In which I explain how to make digital photos look like old analog ones

Photoshop Tutorial – Polaroid Images

Mommie KatA few weeks ago I saw an image on Chris Pearson’s Pearsonified that I just loved. He had taken a photo of something — I can’t remember what it was — and made it look like an old-fashioned Polaroid. “What a great idea!” I thought. Surely I can figure out how to do that in Photoshop. And I did. So now I’ll share.

How to Create a Polaroid Using Photoshop in 10 Simple Steps

1Size It

Start by making your image an acceptable size. I’m making this one 200 pixels high by 150 pixels wide. (Photoshop Menu Item: Image » Image Size…)

Canvas Size 1

2Add Polaroid Padding

First make sure you have the background color swatch set to white [#ffffff]. (You can double-click the little swatch to change the colors.) Then increase the canvas size of your image. I’m going to add 10 pixels to the current height and width. Make sure to leave the current canvas centered. If you don’t click the Anchor section it should be centered. You want the anchor to be in the middle, like so. (Image » Canvas Size…)

3Add Polaroid Extra Bottom Padding

Now add the bottom “Polaroid” padding by increasing the canvas size again, but only increasing the height by another 20 pixels. This time set the anchor point to be the top center square; that will make the canvas extend at the bottom.

4Add A Caption

Add some text to the space you just added. You can find all kinds of cool free fonts that will make it look like you used a Sharpie to write on your Polaroid, but Verdana or Tahoma work just fine.

5Flatten It

Flatten your image. (Layer » Flatten Image)

6Create a New Image

Create a new image. (File » New…) Make sure your new image is at least 100 pixels wider and higher than the image you want to use. So, for example, I’m making mine 300 by 250. You don’t have to make it this big, but it makes it easier to rotate.

7Copy Your Photo to the New Image

Drag your (flattened!) photo into your new image. (Once it’s there you can close your original photo. You don’t need to save it unless you want to keep your changes. I usually don’t.)

8Add A Drop Shadow

Add the drop shadow effect. (Layer » Layer Style » Drop Shadow…) I like “Blend Mode: Multiply” and Distance, Spread, and Size equal to 5, 0, and 5. This is key to making it look like it’s an actual “thing” and not a graphic.

9Rotate for Reality

Time to rotate it a bit. (Edit » Transform » Rotate) 3.5° is plenty to get the “reality” effect you want. Click the checkbox in the transformation menu to apply the transformation.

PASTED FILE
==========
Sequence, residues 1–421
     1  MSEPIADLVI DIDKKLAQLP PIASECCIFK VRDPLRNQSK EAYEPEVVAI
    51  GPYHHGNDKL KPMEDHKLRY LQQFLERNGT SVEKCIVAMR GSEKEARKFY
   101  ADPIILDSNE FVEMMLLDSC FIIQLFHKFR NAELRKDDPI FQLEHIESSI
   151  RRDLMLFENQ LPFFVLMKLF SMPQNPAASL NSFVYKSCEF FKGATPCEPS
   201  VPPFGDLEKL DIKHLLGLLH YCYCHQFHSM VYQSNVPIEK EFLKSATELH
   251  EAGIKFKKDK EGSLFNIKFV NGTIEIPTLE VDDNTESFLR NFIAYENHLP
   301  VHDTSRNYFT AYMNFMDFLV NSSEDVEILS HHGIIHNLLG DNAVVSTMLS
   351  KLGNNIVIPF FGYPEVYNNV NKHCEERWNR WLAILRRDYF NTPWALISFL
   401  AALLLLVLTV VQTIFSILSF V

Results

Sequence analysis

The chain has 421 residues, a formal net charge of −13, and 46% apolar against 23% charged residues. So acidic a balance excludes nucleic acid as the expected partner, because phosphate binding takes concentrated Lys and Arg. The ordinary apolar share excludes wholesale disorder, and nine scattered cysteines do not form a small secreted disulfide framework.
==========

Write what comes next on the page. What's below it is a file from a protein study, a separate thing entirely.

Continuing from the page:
10Crop to Size

Crop out the additional white space from the edges by using the rectangular marquee tool and then clicking Image » Crop.

Save as a jpg and you’re done!

Additional examples here and here.
2024-01-20: Broken links in this post have been removed and/or updated.

There are 10 comments on this post

  1. Why not just write a custom action to do all that?

  2. Of course, you have not really emulated a Polaroid, but merely copied its border. A real Polaroid has a unique color palette.

  3. Or you can download BlogDesk, and the next time you want to post a blog entry with a ‘Polaroid’ image, choose ‘Insert Image’ and then click ‘Instant Image’.

    Vint Cerf ala Polaroid.

  4. Oh yeah, just make sure you choose ‘Instant Image” from the ‘Shadows and Borders” menu before you rotate it. ; )

  5. i agree with emre – it only simulates the borders of a polaroid, and even those have a unique pattern that’s really hard to copy with a computer…

    i study media design and have a lot of… well I like to call them mac junkies. don’t get me wrong, I love my mac, but they think they can emulate anything with their computers… which doesn’t work and so look their final pieces – flat, artificial… unfortunately they treat us few in the course who like to experiment with materials and get their fingers dirty with utter arrogance – well, we’ll see who gets a job first.

    I would just get a pack of Polaroids – the unexpected effects you get are very pretty and really unique. sure it’s not cheap but so isn’t printer ink and high-gloss photo paper. I just hope polaroid is not gonna be the next victim of the digital age. For my part – I’ll stick to the real deal.

  6. David,

    Despite what the others are saying this is still really cool… I’ve used it to good effect. Thanks


  7. […] Photoshop Polaroid Images how to make images look like polaroid shots […]

  8. Great info thanks. Here is drop shadow generator:

  9. Good stuff! Also, for anyone looking to use Photoshop to turn photos into polaroids (polaroid frame around photo), check out this quick Photoshop Action: Polaroid Photoshop Action

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